Bird behaviour in a changing world: with a special focus on bird senses

14 Sep - 15 Sep 2017

Bird Sense 2017 brings together a distinguished list of international researchers to explore how birds perceive the varying landscapes in which they live, and how we might tackle challenges faced in welfare, conservation, and from anthropogenic change.




Register now (14 Sep only)

Register now (15 Sep only)

Birds inhabit every continent of the world and virtually all available ecological niches, from cities to the frozen tundra, from tropical rainforests to deserts, and from mountain ranges to the ocean. They eat fruits and insects; snails and worms; cereal grains and plants; mammals and fish; beeswax; sap, and nectar. But in our human-modified world birds face many challenges their ancestors did not: the glass fronts of tall buildings, wind turbines and power lines, artificial daylight that turns night to day; and noisy air traffic that moves faster than any of their natural predators. But birds also cause conflicts for humans: they can be major pests of crops and cause nuisance in urban settings. Some birds are thriving; others are struggling. 

Together, we hope to formulate questions, instruments and analyses to capture how birds make sense of their changing world.

PDF icon Flyer: Bird senses symposium 14-15 Sep 2017 (511.77 KB)

  • Call for posters

Delegates are invited to submit proposals to present a poster at this sympoium.  To submit a poster, please fill in the poster proposal form below and send it to before 31 August 2017 at the latest. 
Successful proposals will be notified by 7 September 2017.

File Poster proposal form - Bird Sense symposium (43.44 KB)


  • Attending this event

Registration is required to attend this event.  Please book via the link above.  If you have any queries or problems please contact; tel 020 7449 6227

  • Tickets

2 days: Full price £160
2 days: Discount price (for ZSL Members/Fellows and students) £80
1 day: Full price £100
1 day: discount price (for ZSL Members/Fellows and students) £50


  • Note that ZSL Fellows/Members discounts will be automatically applied at the payment stage
  • Registration fee includes lunch and refreshments

  • Organisers

Dr Hannah Rowland, Max Planck Institute for Chemical Ecology

Professor Innes Cuthill, University of Bristol

Dr Tom Pike, University of Lincoln


  • Speakers

Dr Slav Bagriantsev, Yale University
Cellular and molecular specialization to mechanoreception in the duck bill

Dr Maude Baldwin, Max Plank Institute for Ornithology
Sweet and umami taste preferences in birds

Professor Melissa Bateson, Newcastle University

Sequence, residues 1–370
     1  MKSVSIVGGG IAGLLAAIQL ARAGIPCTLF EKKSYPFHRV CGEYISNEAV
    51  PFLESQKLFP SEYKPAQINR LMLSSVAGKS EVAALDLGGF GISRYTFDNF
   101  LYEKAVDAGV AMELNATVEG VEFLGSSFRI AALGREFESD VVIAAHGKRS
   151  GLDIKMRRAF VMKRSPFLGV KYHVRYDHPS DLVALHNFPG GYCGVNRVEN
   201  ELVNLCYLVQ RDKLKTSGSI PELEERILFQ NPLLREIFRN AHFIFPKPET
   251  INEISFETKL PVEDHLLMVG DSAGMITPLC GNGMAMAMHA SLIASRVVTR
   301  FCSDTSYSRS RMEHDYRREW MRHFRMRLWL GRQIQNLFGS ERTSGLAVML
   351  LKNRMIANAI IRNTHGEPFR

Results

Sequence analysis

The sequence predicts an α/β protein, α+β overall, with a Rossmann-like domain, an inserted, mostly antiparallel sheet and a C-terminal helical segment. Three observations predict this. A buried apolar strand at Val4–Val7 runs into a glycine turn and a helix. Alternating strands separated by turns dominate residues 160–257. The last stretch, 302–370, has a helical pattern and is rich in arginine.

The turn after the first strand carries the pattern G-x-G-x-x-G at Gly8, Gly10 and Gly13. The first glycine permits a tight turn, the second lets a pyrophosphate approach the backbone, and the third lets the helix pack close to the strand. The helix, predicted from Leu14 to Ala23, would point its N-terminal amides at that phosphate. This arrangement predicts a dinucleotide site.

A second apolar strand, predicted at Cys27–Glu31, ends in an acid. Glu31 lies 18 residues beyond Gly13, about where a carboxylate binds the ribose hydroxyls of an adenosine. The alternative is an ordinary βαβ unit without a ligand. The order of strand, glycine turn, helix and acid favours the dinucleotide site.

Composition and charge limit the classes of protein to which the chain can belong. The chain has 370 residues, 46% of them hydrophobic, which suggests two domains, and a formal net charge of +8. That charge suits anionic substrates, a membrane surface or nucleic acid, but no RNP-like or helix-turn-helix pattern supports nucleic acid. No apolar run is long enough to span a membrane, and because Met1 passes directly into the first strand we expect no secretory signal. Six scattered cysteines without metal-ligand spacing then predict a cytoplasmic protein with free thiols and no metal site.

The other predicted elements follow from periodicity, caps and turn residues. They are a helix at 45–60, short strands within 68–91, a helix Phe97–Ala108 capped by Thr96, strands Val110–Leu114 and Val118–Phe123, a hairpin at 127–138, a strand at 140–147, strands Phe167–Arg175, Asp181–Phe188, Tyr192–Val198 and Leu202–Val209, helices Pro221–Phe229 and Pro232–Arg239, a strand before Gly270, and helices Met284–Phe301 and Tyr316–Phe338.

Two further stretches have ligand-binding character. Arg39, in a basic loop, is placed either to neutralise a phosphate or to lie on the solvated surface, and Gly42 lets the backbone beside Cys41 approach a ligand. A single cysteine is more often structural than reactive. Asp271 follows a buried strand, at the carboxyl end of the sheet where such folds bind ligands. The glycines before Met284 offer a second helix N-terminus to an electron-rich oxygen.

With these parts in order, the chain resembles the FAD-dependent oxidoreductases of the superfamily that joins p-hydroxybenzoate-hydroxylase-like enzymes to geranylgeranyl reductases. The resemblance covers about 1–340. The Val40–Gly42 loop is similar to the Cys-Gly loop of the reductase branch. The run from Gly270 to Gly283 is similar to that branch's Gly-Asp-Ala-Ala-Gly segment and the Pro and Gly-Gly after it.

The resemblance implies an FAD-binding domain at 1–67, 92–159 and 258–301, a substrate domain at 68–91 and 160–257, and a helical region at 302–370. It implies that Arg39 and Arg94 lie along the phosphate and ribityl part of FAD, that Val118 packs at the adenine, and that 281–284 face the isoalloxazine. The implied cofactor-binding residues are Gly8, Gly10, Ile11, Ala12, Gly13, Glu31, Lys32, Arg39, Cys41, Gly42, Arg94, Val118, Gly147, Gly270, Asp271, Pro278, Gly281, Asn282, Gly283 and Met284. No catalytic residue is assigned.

Sensing internal state

Professor Tim Birkhead FRS, University of Sheffield
What I don't know about birds and their senses

Dr Francesco Bonadonna, CEFE-CNRS
The lords of the perfumes

Dr Signe Brinkløv, University of Southern Denmark
Do bird echolocation and conservation fly together?

Dr John Ewen, Institute of Zoology, ZSL
Improving supplementary feeding in species conservation

Dr Esteban Fernandez-Juricic, Purdue University
Applying sensory biology and behaviour to solve conservation conflicts

Sam Hardman, The Max Planck Institute for Ornithology
How fast can a bird react to noise? A test of the speed of the Lombard effect in canaries

Elspeth Kenny, University of Sheffield

Dr Dorothy McKeegan, University of Glasgow
Pressure perception in poultry: welfare implications

Dr Gail Patricelli, University of California, Davis
Sensitive birds in a noisy world: the impacts of noise pollution on sage-grouse

Dr Steve Portugal, Royal Holloway University
From secretary birds to white-headed vultures: finding your next meal while avoiding a collision 

Associate Professor Eugeni Roura, University of Queensland
Taste, feathers and welfare

Dr Eve Schneider, Yale University

Dr John Skelhorn, Newcastle University
Taste and how it is affected by visual signals

Dr John Swaddle, College of William and Mary
Using targeted noise deterrents to reduce human avian conflicts

Dr Scott J Werner, United States Department of Agriculture, National Wildlife Research Center
Applications of visual cues and postingestive consequences for managing bird-agriculture interactions

Dr Doug Wylie, University of Alberta
Neural mechanisms underlying visual motion dectection



  • This symposium will take place in the Huxley Lecture Theatre, Main Meeting Rooms, Zoological Society of London, Outer Circle, Regents Park, NW1 4RY 

  • Nearest underground station: Camden Town

  • Nearest bus stop: Number 274

  • Please find further information on directions here


This event is is supported by the Association for the Study of Animal Behaviour (ASAB)

Logo - ASAB